Cornell University Press

The Regulation of Armed Conflict

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In Wars of Law: Unintended Consequences in the Regulation of Armed Conflict, Tanisha M. Fazal assesses the unintended consequences of the proliferation of the laws of war for the commencement, conduct, and conclusion of wars over the course of the past one hundred fifty years. Ahead of #APSA2020, we asked the author 3 questions about the research for her book and the implications of the laws of war.

1. What’s your favorite anecdote from your research for this book?

On two separate research trips, my plane was delayed significantly in ways that meant hastily rescheduling interviews. I have fond memories of a long chat with a representative from a humanitarian NGO on the steps behind the main train station in Geneva between my arrival and his commute home, as well as a long walk with a representative of the South Moluccan government in exile. In both cases, the interviews were less formal than I’d planned, but more fruitful as a result.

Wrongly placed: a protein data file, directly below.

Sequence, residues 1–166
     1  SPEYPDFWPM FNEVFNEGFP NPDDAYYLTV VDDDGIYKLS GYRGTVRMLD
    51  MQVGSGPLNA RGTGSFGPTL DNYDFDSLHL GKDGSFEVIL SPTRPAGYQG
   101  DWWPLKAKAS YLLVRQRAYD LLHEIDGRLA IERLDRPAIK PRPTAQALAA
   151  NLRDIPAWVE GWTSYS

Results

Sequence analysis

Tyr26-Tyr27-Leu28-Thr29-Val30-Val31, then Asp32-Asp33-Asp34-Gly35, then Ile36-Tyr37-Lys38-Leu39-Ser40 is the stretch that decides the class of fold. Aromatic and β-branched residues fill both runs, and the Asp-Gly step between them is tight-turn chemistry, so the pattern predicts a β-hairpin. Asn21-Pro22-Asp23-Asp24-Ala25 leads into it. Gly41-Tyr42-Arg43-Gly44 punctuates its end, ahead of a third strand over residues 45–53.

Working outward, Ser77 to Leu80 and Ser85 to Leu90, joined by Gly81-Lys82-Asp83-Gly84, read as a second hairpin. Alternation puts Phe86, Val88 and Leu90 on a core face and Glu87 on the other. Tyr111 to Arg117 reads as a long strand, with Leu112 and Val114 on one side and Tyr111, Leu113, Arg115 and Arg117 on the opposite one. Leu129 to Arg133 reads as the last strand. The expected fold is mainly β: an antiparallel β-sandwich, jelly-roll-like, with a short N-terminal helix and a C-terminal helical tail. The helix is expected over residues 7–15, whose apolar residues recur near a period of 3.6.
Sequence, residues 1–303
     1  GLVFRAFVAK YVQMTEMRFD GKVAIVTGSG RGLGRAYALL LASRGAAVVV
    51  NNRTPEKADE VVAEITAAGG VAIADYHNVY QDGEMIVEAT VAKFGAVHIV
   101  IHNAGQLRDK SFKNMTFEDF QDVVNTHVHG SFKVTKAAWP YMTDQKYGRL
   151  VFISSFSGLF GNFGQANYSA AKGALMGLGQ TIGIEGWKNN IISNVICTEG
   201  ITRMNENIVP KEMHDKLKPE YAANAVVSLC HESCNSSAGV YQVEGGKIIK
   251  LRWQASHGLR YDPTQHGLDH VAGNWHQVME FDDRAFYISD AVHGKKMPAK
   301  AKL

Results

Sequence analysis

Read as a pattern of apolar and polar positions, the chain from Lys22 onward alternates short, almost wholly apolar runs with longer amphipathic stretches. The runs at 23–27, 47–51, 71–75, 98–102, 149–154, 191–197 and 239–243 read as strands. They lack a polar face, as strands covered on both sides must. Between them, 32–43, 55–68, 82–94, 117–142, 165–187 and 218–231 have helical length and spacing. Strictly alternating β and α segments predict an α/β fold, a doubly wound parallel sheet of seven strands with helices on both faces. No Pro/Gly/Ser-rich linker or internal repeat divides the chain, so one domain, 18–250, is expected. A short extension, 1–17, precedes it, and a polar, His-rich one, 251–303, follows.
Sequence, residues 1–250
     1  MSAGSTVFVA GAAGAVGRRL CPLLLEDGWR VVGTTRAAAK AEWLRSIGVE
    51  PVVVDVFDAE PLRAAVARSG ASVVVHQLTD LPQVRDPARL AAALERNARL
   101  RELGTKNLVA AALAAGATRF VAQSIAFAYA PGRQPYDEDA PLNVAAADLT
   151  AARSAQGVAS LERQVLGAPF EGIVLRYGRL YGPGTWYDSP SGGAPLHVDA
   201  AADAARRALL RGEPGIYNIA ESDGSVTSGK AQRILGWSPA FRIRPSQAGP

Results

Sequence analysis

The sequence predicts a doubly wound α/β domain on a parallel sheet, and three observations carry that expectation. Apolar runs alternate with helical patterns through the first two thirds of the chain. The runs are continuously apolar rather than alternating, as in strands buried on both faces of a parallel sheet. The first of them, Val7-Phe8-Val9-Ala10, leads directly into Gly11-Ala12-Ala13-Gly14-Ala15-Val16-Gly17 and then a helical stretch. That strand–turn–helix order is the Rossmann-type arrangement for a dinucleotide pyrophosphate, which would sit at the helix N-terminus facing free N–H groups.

2. What do you wish you had known when you started writing your book, that you know now?

I wish I’d known how *long* it would take me to write the book! But all the twists and turns were fascinating, and ultimately worth it.

3. How do you wish you could change the field of Political Science?

I think we need to retrain ourselves to focus on policy, in ways that apply smart methodological approaches to key policy questions, and with an eye to making the world a better place. I also think we need to do a better job training our graduate students for non-academic careers. I’ve held this view for years, but career pressures on graduate students have become more urgent given the COVID-19 pandemic.

*Featured photo by Jay Rembert.

Tanisha M. Fazal is Associate Professor of Political Science at the University of Minnesota. She is the author of State Death, winner of the Best Book Award of the APSA Conflict Processes Section.

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